Social Media Can Get You FIRED

Saw this article today:

Social networks causing employee-employer issues
Think your boss won’t hear about the time you griped about him on Facebook? Tony Puckett says you should think again. ‘In the digital age, it’s easier than ever for employees to say things publicly and for you to hear about it,’ Puckett said Friday in a speech at the 2010 Oklahoma Human Resources Conference and Expo, held at the Renaissance Tulsa Hotel and Convention Center. Employees and employers …
2010-05-07 19:01:41 Tulsa World

YES, social media can get you fired – and I’ve seen the results.

One company president gave me a call. He hired me for outplacement of an employee. Why? She was fired because she was using Facebook and other social networks on the job – and it was not part of her job duties.

One connection posted how much he hated his job on Facebook. He must have forgotten that he was a member of his employer’s fan page and group. They saw the post.

Think about it like this, if it doesn’t pass the mom and boss test, don’t post it!

What do I mean? If your boss reads the post, could you lose your job?

If your mom read it, would you be embarrassed? You would? Don’t post it!

Take Action: Review your Facebook, LinkedIn, MySpace, Twitter and other social networks. Do they pass the test?

Social Media Can Get You HIRED

Can social media help you get hired faster? YES, if you use it the right way.

Laura Gainor

Laura Gainor did. In March, Laura Gainor saw a job posting on Twitter for a position at Comet Branding in Milwaukee, WI. Based on the ad, Gainor launched a social media campaign, which landed her the gig in less than 30 days.

Gainor identified the company, did her research, and launched her campaign based on what she learned about the organization. She used all elements of social media to make her pitch as to why she was the best candidate for the role – and it worked.

Recruiter Todd Nilson (Twitter Handle: @talentline411) regularly posts job openings on Twitter. When asked if it works, he said (via Twitter), “So far so good. I get some kind people RTing [retweeting] me. Slightly better luck from LinkedIn updates, though.”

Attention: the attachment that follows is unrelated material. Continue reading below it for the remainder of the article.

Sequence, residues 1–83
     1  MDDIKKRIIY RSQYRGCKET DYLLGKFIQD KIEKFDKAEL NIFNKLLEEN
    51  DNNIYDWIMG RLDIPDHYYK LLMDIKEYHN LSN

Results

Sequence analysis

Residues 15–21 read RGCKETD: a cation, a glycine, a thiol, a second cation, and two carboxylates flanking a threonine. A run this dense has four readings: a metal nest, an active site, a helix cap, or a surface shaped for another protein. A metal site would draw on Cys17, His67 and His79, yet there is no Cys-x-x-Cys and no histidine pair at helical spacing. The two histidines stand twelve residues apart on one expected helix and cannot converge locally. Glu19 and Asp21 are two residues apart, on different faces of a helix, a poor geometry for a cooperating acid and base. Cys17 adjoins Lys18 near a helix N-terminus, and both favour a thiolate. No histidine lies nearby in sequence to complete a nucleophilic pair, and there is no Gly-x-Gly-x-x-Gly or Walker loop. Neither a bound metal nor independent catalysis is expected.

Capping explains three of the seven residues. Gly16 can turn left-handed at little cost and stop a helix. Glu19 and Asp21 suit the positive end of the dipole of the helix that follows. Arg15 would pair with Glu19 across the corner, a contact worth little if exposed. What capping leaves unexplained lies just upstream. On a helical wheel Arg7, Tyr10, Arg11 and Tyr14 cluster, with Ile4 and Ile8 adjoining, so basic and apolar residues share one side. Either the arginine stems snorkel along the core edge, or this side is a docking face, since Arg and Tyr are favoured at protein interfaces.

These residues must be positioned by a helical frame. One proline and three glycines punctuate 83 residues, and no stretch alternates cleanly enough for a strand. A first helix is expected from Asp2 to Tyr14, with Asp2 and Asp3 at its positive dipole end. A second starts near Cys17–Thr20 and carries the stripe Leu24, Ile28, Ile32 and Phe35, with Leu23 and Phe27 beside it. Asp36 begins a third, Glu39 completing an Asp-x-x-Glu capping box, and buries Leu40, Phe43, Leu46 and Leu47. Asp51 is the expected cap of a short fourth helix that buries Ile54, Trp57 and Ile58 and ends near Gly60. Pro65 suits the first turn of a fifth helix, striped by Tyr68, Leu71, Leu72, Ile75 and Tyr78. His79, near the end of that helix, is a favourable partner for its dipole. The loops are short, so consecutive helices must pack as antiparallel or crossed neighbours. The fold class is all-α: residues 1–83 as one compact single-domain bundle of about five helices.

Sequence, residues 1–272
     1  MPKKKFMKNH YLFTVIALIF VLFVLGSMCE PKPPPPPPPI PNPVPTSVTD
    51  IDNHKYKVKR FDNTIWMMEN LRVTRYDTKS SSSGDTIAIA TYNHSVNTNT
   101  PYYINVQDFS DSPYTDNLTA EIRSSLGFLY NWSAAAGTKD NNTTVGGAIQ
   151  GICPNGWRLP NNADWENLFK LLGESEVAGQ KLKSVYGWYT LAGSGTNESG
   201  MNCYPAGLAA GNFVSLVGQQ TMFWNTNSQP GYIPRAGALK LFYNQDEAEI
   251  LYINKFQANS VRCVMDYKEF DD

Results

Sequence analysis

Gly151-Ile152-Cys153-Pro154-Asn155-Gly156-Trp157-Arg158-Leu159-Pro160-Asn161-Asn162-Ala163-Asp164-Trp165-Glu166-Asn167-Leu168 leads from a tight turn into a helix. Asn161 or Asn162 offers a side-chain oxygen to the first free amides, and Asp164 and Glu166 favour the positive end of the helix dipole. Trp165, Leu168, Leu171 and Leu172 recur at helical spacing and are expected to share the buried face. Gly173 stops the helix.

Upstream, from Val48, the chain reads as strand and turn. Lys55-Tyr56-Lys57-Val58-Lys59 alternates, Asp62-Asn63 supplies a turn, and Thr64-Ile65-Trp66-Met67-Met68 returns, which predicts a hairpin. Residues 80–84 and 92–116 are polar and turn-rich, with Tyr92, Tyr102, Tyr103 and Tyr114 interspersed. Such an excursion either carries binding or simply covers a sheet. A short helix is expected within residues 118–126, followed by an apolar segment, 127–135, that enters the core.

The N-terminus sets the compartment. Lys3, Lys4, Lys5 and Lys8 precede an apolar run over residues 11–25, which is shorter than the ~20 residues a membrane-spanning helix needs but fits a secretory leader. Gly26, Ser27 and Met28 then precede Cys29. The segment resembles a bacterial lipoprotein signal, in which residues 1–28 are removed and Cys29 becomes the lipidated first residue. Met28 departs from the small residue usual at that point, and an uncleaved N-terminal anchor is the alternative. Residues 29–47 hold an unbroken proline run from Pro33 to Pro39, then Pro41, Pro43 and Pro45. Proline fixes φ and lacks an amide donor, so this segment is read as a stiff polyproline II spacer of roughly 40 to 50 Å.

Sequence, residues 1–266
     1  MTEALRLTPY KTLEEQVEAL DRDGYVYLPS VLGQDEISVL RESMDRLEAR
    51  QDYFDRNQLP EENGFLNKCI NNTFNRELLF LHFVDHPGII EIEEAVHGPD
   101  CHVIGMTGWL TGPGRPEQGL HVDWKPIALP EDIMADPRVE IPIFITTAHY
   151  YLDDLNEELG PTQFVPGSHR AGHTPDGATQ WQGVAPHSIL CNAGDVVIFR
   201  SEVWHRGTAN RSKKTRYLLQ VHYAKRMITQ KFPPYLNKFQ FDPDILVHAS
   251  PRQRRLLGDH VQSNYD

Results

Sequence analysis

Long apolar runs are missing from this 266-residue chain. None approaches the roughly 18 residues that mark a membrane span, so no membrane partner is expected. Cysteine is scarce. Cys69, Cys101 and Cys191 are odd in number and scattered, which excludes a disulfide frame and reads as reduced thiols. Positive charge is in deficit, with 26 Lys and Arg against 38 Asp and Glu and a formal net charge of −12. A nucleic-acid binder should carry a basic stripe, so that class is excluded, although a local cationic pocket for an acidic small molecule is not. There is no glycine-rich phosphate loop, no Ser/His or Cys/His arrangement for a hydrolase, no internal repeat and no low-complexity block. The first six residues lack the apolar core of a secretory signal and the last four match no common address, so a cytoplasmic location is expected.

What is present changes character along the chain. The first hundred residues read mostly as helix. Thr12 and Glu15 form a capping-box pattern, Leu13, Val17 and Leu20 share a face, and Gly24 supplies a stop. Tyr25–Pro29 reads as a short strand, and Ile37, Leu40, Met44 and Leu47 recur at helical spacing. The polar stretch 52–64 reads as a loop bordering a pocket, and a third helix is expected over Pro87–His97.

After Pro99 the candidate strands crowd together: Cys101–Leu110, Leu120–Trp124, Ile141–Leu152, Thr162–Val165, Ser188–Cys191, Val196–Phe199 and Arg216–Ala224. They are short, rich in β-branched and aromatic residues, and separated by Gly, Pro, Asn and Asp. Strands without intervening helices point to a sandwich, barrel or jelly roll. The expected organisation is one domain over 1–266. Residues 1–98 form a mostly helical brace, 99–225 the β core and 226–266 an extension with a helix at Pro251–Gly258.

Probably because Nilson has an extensive LinkedIn network. As do I. Because my connections are connections I know personally, I am very comfortable in referring them to others. However, I’ve got to be asked in the right way.

For example, one recruiter emailed me via LinkedIn asking for more information about a candidate. Unfortunately, I had no idea who she was talking about. So, I picked up the phone. It turned out this candidate was a third-degree connection. That meant that the candidate was not directly connected to me (first degree), but rather connected to one of my direct connections.

The recruiter and I talked and she provided me with more specific details of the job, including: salary, location (city), position title, requirements, and a brief job description.

This enabled me to forward her email, along with my recommendation about her company, and provide more details about the gig to MY connection. This enabled him to forward more information to his connection – the candidate. This strategy helped my recruiter friend not only get referrals from me for the gig, but also more candidates from my direct connection.

The job was filled.

If you’re in job search mode, it pays to pick up the phone, especially if you are the direct connection to the person posting the job. If you aren’t, you can certainly email your direct connection to get more details.

Personally, all the people in my LinkedIn network are people I actually know and can refer with confidence. I recommend this strategy to those wishing to beef up their LinkedIn connections.

If someone wishes to connect with you and you have no idea who they are, you can either ignore the request or simply pick up the phone and find out more. If, after you connect, you feel this person would be a great addition to your network, add him or her.

In addition, whether you’re an employer, recruiter or candidate, it’s important to have a detailed LinkedIn profile that communicates YOU, your brand, and your personality. Go beyond the standard data.

See my LinkedIn profile here:

Note the story AND the recommendations. Build your profile accordingly.

Also, don’t forget about the in-person connection. Pick up the phone. Set up a meeting. According to CareerXRoads 2010 Source of Hire Study: Referrals make up 26.7% of all external hires. (Translation: Networking!)

Want more tips on how to make that personal connection the right way – and using just five minutes a day? Check out “Rock Your Network®.”